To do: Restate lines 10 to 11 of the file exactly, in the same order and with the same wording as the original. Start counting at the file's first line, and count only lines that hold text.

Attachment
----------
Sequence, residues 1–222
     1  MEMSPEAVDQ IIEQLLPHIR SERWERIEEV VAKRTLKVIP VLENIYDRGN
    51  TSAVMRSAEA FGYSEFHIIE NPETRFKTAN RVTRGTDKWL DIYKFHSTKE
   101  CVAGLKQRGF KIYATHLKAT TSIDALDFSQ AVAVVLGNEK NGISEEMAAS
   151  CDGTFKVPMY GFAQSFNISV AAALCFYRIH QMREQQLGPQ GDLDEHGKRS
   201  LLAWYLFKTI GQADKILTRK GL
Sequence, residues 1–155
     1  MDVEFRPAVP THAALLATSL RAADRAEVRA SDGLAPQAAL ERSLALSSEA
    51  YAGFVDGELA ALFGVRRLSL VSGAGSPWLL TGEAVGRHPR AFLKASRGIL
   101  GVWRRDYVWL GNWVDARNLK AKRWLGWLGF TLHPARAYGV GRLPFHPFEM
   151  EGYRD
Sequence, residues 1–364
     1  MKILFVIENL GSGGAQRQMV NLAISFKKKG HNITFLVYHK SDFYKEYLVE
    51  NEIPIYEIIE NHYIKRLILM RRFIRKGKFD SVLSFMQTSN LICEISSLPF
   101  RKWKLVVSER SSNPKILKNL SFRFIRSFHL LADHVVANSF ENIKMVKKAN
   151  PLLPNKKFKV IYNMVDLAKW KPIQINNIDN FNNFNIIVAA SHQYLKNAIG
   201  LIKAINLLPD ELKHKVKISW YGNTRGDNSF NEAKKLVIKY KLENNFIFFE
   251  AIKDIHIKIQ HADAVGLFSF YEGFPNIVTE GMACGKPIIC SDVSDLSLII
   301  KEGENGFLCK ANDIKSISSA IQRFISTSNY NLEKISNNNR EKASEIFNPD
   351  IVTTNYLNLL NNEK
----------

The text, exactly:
   101  GVWRRDYVWL GNWVDARNLK AKRWLGWLGF TLHPARAYGV GRLPFHPFEM
   151  EGYRD